Picture: Fonua Kotobalavu tending to his new coffee plants.
The choice to delve into farming was one which experienced seaman Fonua Kotobalavu had to make for the benefit of his family.
With the scent of the sea still fresh on his skin, the 52-year-old Namuka-i-Lau native reached this decision to develop the land under the family name to help his family.
Those who know Fonua will attest to his love for the sea as he has been a fisherman for more than 30 years, with the Vatu-i-Ra passage being one of his favorite fishing grounds.
Due to COVID-19 Mr. Kotobalavu reflected on his life choices and chose to take up a new calling, “Because of COVID-19 I thought hard about the situation and that was when I sold my boat engine which I use to fish and decided to cultivate the land fully,” he said.
The energetic man returned to the family’s 33-acre Wainibau farm in Lodoni to continue cultivating the family’s coffee farm of 4 years.
“It was decided in one of our family meetings years back as our long term initiative that we plant something different from what everyone is planting and the idea of coffee popped up,” said Fonua.
To date, the family has a total of 4,000 coffee plants and have dived deep into cultivating the plant with vigor and dedication.
“Because the sea was and had always been my source of employment, I was an amateur in farming but through the communal way of working with my family, we maintain the coffee farm in Tailevu.”
And because Fonua has found his niche in the land, he has extended his newfound hobby of farming to their 3.5-acre land in Savura Road, Wailoku.
The piece of land in Wailoku which was sold to his mother, Maraia Luisa Dacey, has been a bevy of farming, as the backyard is flooded with vegetables.
“The land behind the house is vacant and with this pandemic, one thing we have in abundance is time and toiling the backyard has been an activity we engage in to spend most of our time in,” he said.
“We have a wide range of assorted vegetables planted here to help feed our extended family and some of it is also sold to help in feeding the public,” he shared.
Practice makes perfect as the father of three continues to see wonders the land is offering when he pays attention to it.
“Our home vegetable farm is organic and we will keep it that way considering the maintenance of soil fertility and the health of the people that will consume the vegetables,” he said.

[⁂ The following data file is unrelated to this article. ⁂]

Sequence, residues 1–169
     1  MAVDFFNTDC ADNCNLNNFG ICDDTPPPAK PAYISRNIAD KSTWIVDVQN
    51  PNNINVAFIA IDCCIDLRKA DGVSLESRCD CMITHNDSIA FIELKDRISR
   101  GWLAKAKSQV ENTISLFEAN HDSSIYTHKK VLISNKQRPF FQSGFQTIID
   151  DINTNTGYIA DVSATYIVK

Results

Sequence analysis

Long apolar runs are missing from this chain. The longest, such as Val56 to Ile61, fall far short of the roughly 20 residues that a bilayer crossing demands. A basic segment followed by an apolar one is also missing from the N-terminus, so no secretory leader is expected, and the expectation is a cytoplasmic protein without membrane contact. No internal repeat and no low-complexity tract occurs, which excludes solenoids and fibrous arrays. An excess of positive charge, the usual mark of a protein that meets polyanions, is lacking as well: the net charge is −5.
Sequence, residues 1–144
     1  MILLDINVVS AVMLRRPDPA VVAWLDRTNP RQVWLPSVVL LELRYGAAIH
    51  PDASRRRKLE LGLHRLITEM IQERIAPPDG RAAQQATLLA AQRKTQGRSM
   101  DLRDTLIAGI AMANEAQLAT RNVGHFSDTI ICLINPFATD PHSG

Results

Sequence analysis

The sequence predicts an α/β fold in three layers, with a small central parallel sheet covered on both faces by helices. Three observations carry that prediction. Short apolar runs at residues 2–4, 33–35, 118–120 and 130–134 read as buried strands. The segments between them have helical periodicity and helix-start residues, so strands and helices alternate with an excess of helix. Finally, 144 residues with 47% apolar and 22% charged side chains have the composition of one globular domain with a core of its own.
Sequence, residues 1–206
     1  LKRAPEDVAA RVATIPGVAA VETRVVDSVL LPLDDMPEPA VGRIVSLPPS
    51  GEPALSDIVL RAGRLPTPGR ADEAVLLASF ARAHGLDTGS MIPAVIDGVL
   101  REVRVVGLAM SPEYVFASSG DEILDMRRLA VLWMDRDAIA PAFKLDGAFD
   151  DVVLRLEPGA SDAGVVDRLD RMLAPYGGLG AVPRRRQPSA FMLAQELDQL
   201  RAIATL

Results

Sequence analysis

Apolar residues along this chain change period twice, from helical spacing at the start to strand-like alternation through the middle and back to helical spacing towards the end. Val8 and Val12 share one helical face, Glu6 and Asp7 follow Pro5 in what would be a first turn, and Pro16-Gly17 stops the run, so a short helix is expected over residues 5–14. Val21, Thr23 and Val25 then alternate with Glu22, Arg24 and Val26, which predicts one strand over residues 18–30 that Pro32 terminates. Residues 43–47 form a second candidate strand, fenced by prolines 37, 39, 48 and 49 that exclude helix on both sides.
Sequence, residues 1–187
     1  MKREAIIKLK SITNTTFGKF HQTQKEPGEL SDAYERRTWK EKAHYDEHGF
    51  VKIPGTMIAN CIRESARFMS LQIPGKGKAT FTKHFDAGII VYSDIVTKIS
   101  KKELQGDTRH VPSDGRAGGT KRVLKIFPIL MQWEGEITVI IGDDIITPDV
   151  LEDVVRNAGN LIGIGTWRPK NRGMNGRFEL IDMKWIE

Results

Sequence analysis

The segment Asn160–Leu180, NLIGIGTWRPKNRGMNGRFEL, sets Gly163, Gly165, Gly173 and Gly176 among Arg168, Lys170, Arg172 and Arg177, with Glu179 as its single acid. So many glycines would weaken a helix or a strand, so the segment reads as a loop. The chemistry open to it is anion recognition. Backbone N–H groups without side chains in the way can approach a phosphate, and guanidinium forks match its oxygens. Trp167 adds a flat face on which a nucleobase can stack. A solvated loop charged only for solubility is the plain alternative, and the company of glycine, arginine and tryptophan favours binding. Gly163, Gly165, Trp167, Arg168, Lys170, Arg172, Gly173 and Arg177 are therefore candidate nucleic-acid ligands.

“We are often challenged by the sizes of vegetables sprayed with fertilizers but we are not swayed to ever try it.”
Apart from not practicing slash and burn, most of the farming practices he implements on the farm are experimental and was taken from the internet, while the rest are best practices from the various farms he has visited since taking up farming.
His family has been his pillar of strength, they have assisted him on the Wailoku farm and through their support, he knows the decision he made to concentrate his efforts on toiling the land was the right one.
“Because of the restriction of movement, we have been focusing on this vegetable farm in Wailoku with our other family members in Tailevu looking after our coffee farm,” he said.
“Our daily routine here in Wailoku is spent in our backyard, tending to our compost and our vegetables and because we have expanded our vegetable garden, we are also expanding our compost heap to have it on rotation and we are also using the river that runs alongside the farm for irrigation and natural pest control methods.”
Ideas of how to run the organic vegetable farm is a process of trial and error as Fonua and his family set out their farming plans to help them survive during the COVID-19 pandemic.
“I am grateful that COVID has given me the opportunity to look at other ways to feed my family and that is to toil the land,” said Fonua.
“Being comfortable with the sea, it never occurred to me that there is a lot the land offers on farming and there are methods to still have food should there be a storm or sunshine.”
Fonua Kotobalavu is also a recipient of the recent Home Gardening vegetable seed package of the Ministry of Agriculture.